“Both ministers expressed their conviction that this accord will enhance the chances of peace and stability in the region as it represents a positive step in this direction,” WAM reported.

The ministers also discussed strengthening communication channels as well as establishing “solid bilateral relations” to benefit the UAE, Israel, and the wider region.

On Monday health ministers of the two countries discussed collaboration in the healthcare field, especially the coronavirus pandemic.

UAE Minister of Health and Prevention Abdul Rahman bin Mohammad Al Owais and Israeli Minister of Health Yuli Edelstein discussed in a phone call “ways to strengthen cooperation in the medical field,” with a focus on the pharmaceutical industry and medical research, according to WAM.

“They also discussed frameworks for cooperation in the fight against the COVID-19 pandemic,” the report said, adding that vaccine trials and treatments for the coronavirus were also a topic of conversation.

Two private companies in the UAE have already signed an agreement with two companies in Israel to develop research and technology to fight COVID-19.

Known as the “Abraham Accord,” the diplomatic agreement between the UAE and Israel is set to establish bilateral agreements regarding investment, tourism, security, telecommunications, technology, energy, healthcare, culture, and other areas.


Abu Dhabi Crown Prince and Pompeo discuss strengthening UAE-Israel deal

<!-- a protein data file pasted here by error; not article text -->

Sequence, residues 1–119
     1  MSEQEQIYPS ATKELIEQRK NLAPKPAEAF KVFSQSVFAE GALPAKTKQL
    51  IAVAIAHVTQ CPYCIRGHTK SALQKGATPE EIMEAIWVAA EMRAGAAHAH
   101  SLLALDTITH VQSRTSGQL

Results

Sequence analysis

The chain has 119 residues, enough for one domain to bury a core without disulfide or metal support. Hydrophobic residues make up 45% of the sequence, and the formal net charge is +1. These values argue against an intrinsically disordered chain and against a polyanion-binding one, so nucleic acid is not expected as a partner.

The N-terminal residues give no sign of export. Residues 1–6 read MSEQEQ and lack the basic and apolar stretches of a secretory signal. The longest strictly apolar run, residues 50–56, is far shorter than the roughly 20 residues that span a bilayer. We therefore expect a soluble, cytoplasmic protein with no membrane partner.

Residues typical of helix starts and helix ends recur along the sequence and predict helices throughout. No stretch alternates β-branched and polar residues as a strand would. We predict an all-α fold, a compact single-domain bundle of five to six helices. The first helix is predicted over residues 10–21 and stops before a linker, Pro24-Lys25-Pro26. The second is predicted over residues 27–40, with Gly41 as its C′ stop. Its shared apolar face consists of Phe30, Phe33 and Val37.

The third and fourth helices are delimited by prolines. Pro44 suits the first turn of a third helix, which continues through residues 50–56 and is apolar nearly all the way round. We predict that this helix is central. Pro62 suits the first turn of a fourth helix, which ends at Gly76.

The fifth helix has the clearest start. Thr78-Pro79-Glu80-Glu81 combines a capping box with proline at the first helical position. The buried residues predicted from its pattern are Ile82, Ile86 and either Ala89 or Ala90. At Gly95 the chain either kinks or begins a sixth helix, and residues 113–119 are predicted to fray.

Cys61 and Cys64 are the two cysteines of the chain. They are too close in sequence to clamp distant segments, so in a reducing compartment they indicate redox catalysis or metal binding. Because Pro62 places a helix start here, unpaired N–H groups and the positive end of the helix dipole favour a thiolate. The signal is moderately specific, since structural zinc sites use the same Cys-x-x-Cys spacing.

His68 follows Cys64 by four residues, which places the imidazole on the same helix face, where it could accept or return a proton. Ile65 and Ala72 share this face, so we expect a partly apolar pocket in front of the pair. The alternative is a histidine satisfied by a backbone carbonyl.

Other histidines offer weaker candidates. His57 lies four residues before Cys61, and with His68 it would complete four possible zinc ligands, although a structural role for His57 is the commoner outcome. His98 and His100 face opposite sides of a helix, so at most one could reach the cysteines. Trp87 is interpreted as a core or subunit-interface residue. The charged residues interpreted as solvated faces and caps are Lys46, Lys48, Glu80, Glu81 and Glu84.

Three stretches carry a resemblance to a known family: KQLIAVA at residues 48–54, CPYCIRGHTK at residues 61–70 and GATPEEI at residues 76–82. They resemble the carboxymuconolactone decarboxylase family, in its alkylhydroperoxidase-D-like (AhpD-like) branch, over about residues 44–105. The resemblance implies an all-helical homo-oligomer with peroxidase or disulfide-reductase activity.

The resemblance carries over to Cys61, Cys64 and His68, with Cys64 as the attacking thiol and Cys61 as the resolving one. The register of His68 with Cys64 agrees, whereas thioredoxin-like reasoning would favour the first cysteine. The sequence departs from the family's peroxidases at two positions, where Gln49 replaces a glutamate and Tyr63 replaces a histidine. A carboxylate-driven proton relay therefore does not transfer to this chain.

August 25, 2020

DUBAI: Abu Dhabi Crown Prince Sheikh Mohammed bin Zayed and the US secretary of state have discussed how to strengthen the UAE’s peace deal with Israel.

Sheikh Mohammed spoke with Mike Pompeo on the phone ahead of his visit to the Emirates this week and after he met Benjamin Netanyahu in Israel on Monday.

They discussed “strategic relations” between the US and the Emirates, UAE state news agency WAM reported, as well as the deal signed with Israel on Aug.13.

The agreement, brokered by Donald Trump, makes the UAE the third Arab country to have full diplomatic relations with Israel in return for an end to Israeli threats to annex Palestinian land.

In Jerusalem on Monday, Pompeo said he hoped more Arab countries would reach similar agreements with Israel.

In the call with Sheikh Mohammed, they discussed the prospects for strengthening the deal “in a way that serves the foundations of peace and stability in the region.”